One strategy is bringing home visiting participants together for monthly discussions and presentations, such as traditional cooking classes. The gatherings provide families an opportunity to meet and build a support network. “We’re trying to figure out what it means to be culturally engaged,” Highsmith says, as well as how to tailor services in meaningful ways.
Research Gaps in Tribal Home Visiting
As communities determine which home visiting approaches work best for them, they also must figure out resources to support their efforts. The Tribal Maternal, Infant, and Early Childhood Home Visiting program (Tribal MIECHV) has provided federal grants since 2011 to a select number of Indian tribes, tribal organizations, and urban Indian organizations. Communities without a Tribal MIECHV grant provide home visiting through a blend of funding sources, or tribes directly fund and operate services.
Differences in funding, reporting mechanisms, and research capacity contribute to gaps in evidence on Native American families’ maternal and child health needs and the current home visiting landscape.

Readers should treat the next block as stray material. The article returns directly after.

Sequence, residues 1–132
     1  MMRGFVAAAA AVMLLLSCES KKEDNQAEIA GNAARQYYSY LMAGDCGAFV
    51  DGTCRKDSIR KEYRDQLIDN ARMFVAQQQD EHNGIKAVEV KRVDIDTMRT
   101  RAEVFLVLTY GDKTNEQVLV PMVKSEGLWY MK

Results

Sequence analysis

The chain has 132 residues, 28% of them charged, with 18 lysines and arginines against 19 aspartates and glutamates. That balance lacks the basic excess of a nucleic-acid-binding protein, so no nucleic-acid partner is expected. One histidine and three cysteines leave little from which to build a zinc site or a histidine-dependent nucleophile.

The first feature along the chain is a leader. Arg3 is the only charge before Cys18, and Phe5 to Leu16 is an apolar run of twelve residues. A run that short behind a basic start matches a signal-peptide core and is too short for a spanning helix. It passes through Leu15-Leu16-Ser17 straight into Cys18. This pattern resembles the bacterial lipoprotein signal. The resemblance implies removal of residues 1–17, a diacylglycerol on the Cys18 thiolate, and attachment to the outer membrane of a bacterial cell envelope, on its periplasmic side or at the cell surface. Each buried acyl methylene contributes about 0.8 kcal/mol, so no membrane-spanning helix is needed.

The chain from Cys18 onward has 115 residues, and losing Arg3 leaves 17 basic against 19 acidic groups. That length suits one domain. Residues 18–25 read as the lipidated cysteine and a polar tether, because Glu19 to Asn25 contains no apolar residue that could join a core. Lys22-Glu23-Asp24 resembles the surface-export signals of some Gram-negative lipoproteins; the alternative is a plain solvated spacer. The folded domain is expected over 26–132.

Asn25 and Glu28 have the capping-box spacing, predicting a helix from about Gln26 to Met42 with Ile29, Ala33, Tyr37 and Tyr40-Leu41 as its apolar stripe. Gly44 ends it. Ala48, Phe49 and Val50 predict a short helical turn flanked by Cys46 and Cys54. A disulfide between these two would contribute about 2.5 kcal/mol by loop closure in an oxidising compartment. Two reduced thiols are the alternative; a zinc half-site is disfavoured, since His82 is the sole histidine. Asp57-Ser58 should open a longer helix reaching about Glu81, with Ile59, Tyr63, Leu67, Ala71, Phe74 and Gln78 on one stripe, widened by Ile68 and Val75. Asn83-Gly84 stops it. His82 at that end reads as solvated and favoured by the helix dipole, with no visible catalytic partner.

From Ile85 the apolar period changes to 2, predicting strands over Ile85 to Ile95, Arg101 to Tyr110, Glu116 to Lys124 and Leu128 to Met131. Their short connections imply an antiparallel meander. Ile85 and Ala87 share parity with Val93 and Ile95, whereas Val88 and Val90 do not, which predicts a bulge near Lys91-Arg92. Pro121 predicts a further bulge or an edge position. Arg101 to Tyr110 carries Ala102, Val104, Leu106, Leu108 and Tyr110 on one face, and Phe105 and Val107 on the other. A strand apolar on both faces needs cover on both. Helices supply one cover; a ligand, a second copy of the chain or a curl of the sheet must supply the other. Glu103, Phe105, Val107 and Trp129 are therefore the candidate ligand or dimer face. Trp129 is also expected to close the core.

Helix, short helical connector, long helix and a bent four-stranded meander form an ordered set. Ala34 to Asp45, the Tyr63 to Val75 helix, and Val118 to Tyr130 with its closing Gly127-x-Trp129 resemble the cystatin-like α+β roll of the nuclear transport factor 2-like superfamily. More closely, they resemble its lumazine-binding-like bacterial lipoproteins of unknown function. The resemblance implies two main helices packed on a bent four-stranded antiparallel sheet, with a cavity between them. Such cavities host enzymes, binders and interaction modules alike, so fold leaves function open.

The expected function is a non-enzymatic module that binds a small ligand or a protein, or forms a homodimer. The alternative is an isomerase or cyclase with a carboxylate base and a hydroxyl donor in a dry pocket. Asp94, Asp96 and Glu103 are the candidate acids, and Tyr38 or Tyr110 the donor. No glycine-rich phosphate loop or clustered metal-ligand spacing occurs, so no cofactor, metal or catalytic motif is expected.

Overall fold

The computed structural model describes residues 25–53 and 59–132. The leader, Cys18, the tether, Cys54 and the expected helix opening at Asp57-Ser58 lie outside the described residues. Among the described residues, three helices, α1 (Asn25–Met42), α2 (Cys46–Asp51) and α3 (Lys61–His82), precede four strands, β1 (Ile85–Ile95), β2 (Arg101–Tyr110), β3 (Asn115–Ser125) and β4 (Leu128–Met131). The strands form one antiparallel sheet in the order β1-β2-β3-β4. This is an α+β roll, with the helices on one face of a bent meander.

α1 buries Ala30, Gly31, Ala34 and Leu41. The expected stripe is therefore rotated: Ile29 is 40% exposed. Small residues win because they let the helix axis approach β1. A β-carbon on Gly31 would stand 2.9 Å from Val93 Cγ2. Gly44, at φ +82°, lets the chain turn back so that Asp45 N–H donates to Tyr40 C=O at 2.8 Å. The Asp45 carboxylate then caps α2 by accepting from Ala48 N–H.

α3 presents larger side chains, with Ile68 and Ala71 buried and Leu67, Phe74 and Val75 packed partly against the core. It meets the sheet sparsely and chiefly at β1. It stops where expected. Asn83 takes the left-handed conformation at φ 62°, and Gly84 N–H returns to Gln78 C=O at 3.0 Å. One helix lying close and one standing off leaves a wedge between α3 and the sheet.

“Native American families are among the most underserved,” says Urban Institute senior research associate Heather Sandstrom, who provides research support to the NHVRC. “We are learning more about their unique needs, but we don’t have enough data to paint a complete picture and to point to where more services are needed.”
Although gaps in the research exist, several initiatives are under way to fill them in. Tribal MIECHV provides funds for awardees to conduct rigorous evaluations. The Multi-Site Implementation Evaluation of Tribal Home Visiting (MUSE) project, which is exploring the implementation of home visiting in 17 tribal communities, is another example of research to further understand how home visiting can be enhanced to meet the needs of Native American families.